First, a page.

Kiwi trade expert plays key role in shaping UK’s post-EU trade policy

As PM Theresa May thrashes her way via narrow House of Commons votes towards Brexit, behind the scenes a former NZ diplomat and academic is shaping the UK’s post-EU trade relationships.  Crawford Falconer  is  chief  adviser  to  the  Secretary of  State  for International  Trade  Liam Fox  in London and   is  playing a  key role  in shaping  Britain’s new  trade policy.

When he  was appointed to the  role last year he was tasked with developing and negotiating free trade agreements and market access deals with non-EU countries and shaping trade deals on specific sectors or products.

Falconer  served in the trade policy engine room of the Ministry of Foreign  Affairs in Wellington  for many of the  25 years he spent in NZ’s public service and colleagues regarded  him as the brains  in the trade area, although he always operated in the lee of Tim Groser whose ebullience overshadowed Falconer’s quiet demeanour.

Falconer  became NZ’s  ambassador  to  the  World Trade Organisation in Geneva.  When it became clear he could rise no further in MFAT he became the head of the OECD’s trade policy division in Paris, where he was held in high regard.

At the end of his term  in Paris he joined Lincoln University, which took advantage of his trade skills.  And from rural Canterbury he was head-hunted to set up a new trade negotiating team in London, because most of  the UK Foreign  and Commonwealth  Office’s  expertise was long gone, made obsolete by membership of the EU which conducted  all trade negotiations.

This  year,  as  the UK government’s chief trade negotiation adviser, Falconer officially launched the cross-Whitehall International Trade Profession spanning 11 departments.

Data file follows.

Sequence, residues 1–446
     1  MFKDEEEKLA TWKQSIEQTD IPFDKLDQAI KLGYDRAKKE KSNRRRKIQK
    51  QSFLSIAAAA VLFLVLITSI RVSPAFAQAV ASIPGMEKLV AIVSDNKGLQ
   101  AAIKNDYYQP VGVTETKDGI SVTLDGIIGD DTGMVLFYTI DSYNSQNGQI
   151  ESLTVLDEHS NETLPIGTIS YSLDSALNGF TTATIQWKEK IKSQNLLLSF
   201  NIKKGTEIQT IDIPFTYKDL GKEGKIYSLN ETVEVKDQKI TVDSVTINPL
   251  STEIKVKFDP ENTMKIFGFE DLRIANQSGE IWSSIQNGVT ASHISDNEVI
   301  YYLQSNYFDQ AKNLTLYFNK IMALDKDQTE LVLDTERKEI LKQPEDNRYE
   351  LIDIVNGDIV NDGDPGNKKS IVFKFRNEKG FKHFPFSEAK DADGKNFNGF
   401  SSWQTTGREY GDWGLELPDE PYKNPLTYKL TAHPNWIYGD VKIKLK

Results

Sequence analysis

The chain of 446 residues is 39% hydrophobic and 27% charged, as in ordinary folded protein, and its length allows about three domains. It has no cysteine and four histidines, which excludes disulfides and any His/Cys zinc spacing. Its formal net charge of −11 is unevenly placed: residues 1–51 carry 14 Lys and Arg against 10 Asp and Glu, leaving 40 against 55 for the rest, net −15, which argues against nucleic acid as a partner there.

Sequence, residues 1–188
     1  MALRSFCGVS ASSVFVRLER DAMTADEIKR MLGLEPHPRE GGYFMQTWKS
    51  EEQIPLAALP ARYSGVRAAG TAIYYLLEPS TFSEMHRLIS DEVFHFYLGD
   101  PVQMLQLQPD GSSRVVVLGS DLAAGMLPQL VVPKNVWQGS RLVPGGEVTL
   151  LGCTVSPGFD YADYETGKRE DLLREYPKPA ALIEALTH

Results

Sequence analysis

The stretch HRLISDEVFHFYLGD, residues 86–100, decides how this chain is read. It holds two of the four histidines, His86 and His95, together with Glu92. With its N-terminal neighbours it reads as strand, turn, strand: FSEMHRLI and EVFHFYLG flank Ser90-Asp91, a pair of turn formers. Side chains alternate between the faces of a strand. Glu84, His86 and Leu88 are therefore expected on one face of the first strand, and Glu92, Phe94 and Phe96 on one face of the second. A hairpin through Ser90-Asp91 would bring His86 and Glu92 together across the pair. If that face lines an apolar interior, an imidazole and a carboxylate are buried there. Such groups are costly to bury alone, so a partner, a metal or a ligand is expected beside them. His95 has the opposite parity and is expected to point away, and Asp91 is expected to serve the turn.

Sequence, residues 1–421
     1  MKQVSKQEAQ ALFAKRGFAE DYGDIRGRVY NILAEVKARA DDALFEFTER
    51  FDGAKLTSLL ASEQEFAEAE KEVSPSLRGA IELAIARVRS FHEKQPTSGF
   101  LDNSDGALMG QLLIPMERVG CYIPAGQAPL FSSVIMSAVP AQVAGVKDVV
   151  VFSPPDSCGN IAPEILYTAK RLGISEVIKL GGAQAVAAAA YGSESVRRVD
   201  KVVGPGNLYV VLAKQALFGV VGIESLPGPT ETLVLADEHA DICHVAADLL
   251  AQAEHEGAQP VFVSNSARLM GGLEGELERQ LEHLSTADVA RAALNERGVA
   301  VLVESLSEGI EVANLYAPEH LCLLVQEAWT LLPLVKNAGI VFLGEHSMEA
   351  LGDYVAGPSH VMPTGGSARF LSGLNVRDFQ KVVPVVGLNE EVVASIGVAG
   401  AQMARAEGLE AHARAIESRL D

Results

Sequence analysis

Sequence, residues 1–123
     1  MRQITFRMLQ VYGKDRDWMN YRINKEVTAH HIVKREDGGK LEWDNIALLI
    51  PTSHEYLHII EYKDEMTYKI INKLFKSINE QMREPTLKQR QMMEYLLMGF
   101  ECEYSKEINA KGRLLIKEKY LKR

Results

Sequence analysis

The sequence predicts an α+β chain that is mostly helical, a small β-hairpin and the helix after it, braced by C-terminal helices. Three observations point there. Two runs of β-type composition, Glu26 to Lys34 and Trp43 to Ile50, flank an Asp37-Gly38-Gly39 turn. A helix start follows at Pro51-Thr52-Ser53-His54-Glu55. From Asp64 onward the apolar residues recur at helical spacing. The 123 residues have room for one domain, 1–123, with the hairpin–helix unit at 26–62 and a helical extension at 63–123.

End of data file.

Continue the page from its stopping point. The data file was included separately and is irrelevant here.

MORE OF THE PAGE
The Department for International Trade’s second permanent secretary brought together heads of profession that have been appointed in 10 other departments to work together on building civil service trade capability as Britain leaves the European Union.

DIT announced that the new profession would open up new roles and opportunities for those wishing to develop careers in international trade in the civil service. It will also provide “a world class training programme”.

“The recognition of international trade as one of government’s most important skills represents an important step forward in post-Brexit trade preparations,” said the department.

Falconer, head of the international trade profession, said:

As head of profession, it is my job to ensure that UK trade negotiators are ready to strike trade deals around the world and deliver the benefits of free trade to all parts of the country.

“Through the profession we are ensuring government attracts the best and brightest talent by not only offering trade professionals a clear route into working on trade policy, exports and investment at the centre of government but also nurturing their ability for the future through access to world-class training.”

By establishing the International Trade Profession, we have embedded the development of trade negotiation capability at the heart of the government’s agenda and taken another important step in getting UK trade policy Brexit-ready.

The CBI director-general, Carolyn Fairbairn, welcomed the appointment of the 10 new heads of international trade profession. She said trade between the UK and its partners was “a fundamental catalyst to job creation, productivity and prosperity”

Back in Wellington, the influence Falconer  wields  is  seen  as  the basis    for believing  NZ  will be high on the list for a post-Brexit  free trade agreement with the  UK.

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